President Chen Shui-bian's (陳水扁) stance on trips by opposition leaders to China is consistent and has not wavered as his critics claim, Presidential Office Secretary-General Yu Shyi-kun said yesterday.
"President Chen's attitude toward the opposition leaders' China trips has been consistent. It's just that he expresses different points at different times when he speaks on these issues -- sometimes more tactically while some other times more straightforward," Yu said during a media conference yesterday.
Reporters had asked Yu why Chen had attacked the trip to China by Chinese Nationalist Party (KMT) Vice Chairman Chiang Pin-kun (江丙坤) while giving KMT Chairman Lien Chan's (連戰) China trip his blessing.
Yu said that the government's position has also been clear and consistent in regard to next week's visit to China by People First Party (PFP) Chairman James Soong (
Media reports have speculated that Washington has placed pressure on the Chen administration to reduce criticism of the trips.
In response to a question on the Presidential Office's communication with the US, Yu said Taiwan and the US had not raised their level or frequency of dialogue over the visits.
"According to my understanding, the president has not met with American Institute in Taiwan (AIT) Director Douglas Paal for talks on the visits," Yu said.
Presidential Office Deputy Secretary-General Ma Yung-cheng (
Comparing national policy to driving a car, Ma said, "The car might sometimes lean a little to the left or to the right, but it never leaves the road. It just makes adjustments according to the traffic lights -- which are the national interest and public opinion."
Ma said the law clearly prevented opposition leaders from signing any agreements or reaching any type of oral accord with the other side of the Taiwan Strait on issues relating to national sovereignty without the consent or authorization of the government.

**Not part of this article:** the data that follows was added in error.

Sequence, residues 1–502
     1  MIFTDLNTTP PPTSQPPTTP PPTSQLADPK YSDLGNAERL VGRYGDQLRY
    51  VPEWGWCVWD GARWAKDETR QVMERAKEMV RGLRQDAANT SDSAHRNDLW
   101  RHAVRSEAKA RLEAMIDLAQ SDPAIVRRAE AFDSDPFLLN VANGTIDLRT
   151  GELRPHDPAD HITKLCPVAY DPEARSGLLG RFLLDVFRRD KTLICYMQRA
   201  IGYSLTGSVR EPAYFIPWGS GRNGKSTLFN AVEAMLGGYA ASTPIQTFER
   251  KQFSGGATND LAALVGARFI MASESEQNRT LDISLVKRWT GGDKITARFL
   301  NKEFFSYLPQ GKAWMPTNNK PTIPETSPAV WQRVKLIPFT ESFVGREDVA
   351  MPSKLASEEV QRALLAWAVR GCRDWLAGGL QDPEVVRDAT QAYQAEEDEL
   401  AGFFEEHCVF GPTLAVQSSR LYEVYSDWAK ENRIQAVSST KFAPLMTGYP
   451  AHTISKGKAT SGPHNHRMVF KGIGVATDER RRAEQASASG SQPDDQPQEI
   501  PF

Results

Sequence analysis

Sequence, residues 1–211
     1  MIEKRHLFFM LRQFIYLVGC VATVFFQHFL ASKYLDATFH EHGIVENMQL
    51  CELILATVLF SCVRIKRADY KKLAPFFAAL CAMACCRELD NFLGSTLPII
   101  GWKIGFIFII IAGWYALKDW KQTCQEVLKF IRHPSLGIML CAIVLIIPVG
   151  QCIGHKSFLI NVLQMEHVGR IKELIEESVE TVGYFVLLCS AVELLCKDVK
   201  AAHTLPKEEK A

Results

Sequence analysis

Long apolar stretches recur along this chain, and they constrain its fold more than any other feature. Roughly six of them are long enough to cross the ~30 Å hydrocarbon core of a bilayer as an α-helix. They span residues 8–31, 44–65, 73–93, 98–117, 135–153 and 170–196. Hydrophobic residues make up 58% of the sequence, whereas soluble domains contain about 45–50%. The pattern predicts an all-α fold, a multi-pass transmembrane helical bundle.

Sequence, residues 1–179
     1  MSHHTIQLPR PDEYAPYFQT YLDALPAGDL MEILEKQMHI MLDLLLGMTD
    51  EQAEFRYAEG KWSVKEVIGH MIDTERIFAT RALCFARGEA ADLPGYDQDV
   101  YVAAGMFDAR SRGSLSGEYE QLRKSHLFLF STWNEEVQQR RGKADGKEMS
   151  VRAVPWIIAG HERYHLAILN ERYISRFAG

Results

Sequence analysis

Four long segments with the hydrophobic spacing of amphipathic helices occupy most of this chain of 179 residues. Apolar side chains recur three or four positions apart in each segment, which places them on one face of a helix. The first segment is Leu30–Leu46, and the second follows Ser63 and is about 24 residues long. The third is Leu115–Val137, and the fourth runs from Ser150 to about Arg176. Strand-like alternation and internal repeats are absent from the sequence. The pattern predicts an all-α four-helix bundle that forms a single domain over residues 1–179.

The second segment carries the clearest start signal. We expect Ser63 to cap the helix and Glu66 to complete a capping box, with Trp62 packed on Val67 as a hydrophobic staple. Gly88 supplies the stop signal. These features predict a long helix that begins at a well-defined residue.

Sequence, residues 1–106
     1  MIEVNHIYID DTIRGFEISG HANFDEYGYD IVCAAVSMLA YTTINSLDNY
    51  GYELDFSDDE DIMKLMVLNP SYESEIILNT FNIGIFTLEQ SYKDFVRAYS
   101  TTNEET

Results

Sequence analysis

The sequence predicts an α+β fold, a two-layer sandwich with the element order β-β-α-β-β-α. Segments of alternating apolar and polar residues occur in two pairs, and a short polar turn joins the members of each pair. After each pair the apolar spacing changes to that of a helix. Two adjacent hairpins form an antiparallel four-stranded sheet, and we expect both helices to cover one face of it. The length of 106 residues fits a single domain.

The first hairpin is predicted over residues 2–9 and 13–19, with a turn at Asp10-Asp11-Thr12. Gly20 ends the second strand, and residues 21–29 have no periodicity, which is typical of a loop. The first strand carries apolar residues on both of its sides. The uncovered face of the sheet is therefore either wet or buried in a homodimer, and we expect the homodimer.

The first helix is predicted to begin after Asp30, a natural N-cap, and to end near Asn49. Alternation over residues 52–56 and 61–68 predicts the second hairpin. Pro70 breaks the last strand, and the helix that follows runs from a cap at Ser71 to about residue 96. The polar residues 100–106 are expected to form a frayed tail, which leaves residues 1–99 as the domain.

Asked for comment on Tuesday's clashes between pan-green and pan-blue camp supporters at CKS International Airport, Yu said the Presidential Office supported the Cabinet in its handling of the matter.
"The Presidential Office supports the Cabinet's decisions in the aftermath of the incident," he said, referring to Premier Frank Hsieh's (謝長廷) pledge on Tuesday to bring the troublemakers to justice.
"It is regrettable that such a thing happened," he said.
Stating that the violence was the result of long-time confrontation between the rival camps, Yu said, "this is the very reason that President Chen has been promoting reconciliation between the two camps to try to bring an end to their confrontation."
Ma said that the reconciliation process was a difficult one.
"It is impossible for political parties that have been in confrontation with each other for the past four years to all of a sudden [solve their differences] ... in four days," he said.
"It takes time, wisdom and patience to address the rivalry and restore mutual trust between the camps," he said.
"Only time can restore the mutual trust that has been lacking between the ruling and opposition parties in the past years. Only time can prove whether or not both sides are sincere," Ma added, suggesting that both sides sit down for talks to seek a resolution, and that "it does not help to put the blame on either side."
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